But I think there are two aspects of building a program: I think you have to start by learning how to win, and then once you learn how to win as we started to do toward the end of last season, I think there's a whole another process that goes into being able to handle winning. That becomes maintaining your focus and not getting sidetracked by the circus of college football that goes with the media exposure and everything else.

I suppose that's a nice problem to have.

SH: I'd much rather be here than still trying to learn how to win.

How buzzworthy is South Florida?

January, 20, 2011
I put South Florida atop my way-too-early 2011 Big East power rankings this month. Do the Bulls deserve such hype? Let's examine some of the factors that determine how much offseason buzz USF should garner.

[+] EnlargeSkip Holtz
AP Photo/Chuck BurtonSouth Florida coach Skip Holtz, right, and QB B.J. Daniels have some momentum for next season.
2010 finish: The Bulls won five of their last seven games, including solid wins against Miami and Clemson away from home. That's the kind of finish that gets people talking about a program heading into the following season.

Coaching: It's often a good bet that teams will improve in their second year under a new coach, as they become fully familiar with the new system. Skip Holtz has won everywhere he's been, and his staff has not suffered any defections in the offseason. Given that he came in under difficult circumstances last January and installed a different type of offense, there's every reason to suspect progress in Year 2.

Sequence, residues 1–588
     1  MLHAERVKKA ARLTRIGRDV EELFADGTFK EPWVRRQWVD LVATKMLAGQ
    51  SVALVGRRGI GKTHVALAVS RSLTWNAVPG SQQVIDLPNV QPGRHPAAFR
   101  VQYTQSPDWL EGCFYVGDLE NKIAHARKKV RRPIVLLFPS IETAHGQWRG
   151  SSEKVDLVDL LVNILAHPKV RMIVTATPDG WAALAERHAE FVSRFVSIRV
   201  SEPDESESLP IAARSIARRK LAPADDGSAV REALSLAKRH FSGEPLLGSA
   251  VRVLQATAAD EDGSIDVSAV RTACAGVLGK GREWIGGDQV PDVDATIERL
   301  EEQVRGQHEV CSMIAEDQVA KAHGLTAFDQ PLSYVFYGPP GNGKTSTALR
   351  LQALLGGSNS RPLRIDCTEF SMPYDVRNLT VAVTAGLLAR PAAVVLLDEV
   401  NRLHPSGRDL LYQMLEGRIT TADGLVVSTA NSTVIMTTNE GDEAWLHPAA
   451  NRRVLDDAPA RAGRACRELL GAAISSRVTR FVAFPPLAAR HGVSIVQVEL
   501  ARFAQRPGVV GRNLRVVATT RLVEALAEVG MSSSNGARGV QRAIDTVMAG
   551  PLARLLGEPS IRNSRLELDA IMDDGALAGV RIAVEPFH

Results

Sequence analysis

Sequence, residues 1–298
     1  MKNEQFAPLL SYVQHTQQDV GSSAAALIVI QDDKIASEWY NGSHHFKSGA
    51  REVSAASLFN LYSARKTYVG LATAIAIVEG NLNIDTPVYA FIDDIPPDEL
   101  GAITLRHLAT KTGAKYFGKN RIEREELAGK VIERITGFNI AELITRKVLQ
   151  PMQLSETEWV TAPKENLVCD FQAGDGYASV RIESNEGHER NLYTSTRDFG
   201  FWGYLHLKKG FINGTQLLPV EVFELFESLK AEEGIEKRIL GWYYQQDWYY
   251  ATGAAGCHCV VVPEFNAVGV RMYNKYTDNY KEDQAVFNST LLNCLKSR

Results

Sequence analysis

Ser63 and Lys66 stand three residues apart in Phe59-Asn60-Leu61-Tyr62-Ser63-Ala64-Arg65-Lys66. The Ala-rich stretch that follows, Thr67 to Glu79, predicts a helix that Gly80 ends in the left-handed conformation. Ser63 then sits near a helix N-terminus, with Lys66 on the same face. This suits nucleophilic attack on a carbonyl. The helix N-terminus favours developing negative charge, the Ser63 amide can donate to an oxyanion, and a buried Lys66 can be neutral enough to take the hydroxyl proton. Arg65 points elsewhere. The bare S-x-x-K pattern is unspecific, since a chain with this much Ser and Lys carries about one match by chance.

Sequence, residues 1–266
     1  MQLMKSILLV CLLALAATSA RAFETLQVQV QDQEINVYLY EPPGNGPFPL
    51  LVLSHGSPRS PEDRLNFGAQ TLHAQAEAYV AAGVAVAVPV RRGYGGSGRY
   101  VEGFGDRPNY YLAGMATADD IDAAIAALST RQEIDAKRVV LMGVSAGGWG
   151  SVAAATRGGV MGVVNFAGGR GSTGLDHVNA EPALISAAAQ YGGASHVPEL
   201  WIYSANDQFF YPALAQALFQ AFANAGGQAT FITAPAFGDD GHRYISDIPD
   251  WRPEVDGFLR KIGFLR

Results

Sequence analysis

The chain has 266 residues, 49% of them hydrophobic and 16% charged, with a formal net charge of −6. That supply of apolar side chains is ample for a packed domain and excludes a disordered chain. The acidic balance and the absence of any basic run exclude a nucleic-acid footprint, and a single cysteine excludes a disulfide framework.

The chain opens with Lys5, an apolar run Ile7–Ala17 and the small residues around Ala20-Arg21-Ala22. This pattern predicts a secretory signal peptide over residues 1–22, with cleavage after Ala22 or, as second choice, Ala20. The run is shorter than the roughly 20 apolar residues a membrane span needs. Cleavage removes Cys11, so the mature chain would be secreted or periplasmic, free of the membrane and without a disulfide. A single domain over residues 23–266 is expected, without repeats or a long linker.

Schedule: South Florida has only one road nonconference game, though it's a doozy. The Bulls open the season at Notre Dame, a team that will draw some considerable offseason buzz for many of the same reasons. A win there would put the program in the spotlight. The next three out-of-league games at home against Ball State, Florida A&M and UTEP shouldn't pose too many threats. A Nov. 26 home date against Miami will be interesting as the Hurricanes will be looking for revenge and playing under a first-year coach. All in all, it's a manageable schedule with a couple of opportunities for marquee wins.

The drawback is that USF has four away games in Big East play and only three at home in 2011.

Returning players: The Bulls return just 10 starters (four on offense, six on defense) from their Meineke Car Care Bowl lineup, which is a small number for a buzz team. But while many seniors leave, the team still has a lot of returning players who saw valuable time.

The Bulls will have to replace three starting offensive linemen and three of the four starting defensive linemen, along with their leading rusher and receiver and top defensive back (Mistral Raymond). But they were deep on defense and have ready-made replacements up front with guys like Ryne Giddins, Julius Forte and Patrick Hampton. Finding someone to take over Terrell McClain's run-stuffing role might be the most difficult task.

Dontavia Bogan is gone, but A.J. Love and Sterling Griffin return from injury, and the Bulls will hope players like Evan Landi, Lindsey Lamar and Terrence Mitchell evolve as playmakers. Mo Plancher led the team in rushing but operated in a tandem with Demetris Murray, who is back. Colorado transfer Darrell Scott and Auburn transfer Dontae Aycock become eligible and should add to the running game.

Once again, the fortunes of the team might rest on quarterback play. B.J. Daniels looked very good in the bowl game, and he'll have Bobby Eveld to push him all offseason. Daniels will be the most experienced quarterback in the Big East in career starts in 2011, for what that's worth.

Conclusion: South Florida has a lot of factors you like to see when determining a buzz team. More returning starters, especially on the offensive line, would help, and there are several players who need to take a step forward in the offseason. Is Daniels the guy we saw in the bowl game or the one who struggled much of the season? Overall, I think USF deserves heavy consideration as one of the league favorites in 2011, but the conference will have many contenders.

What do you think?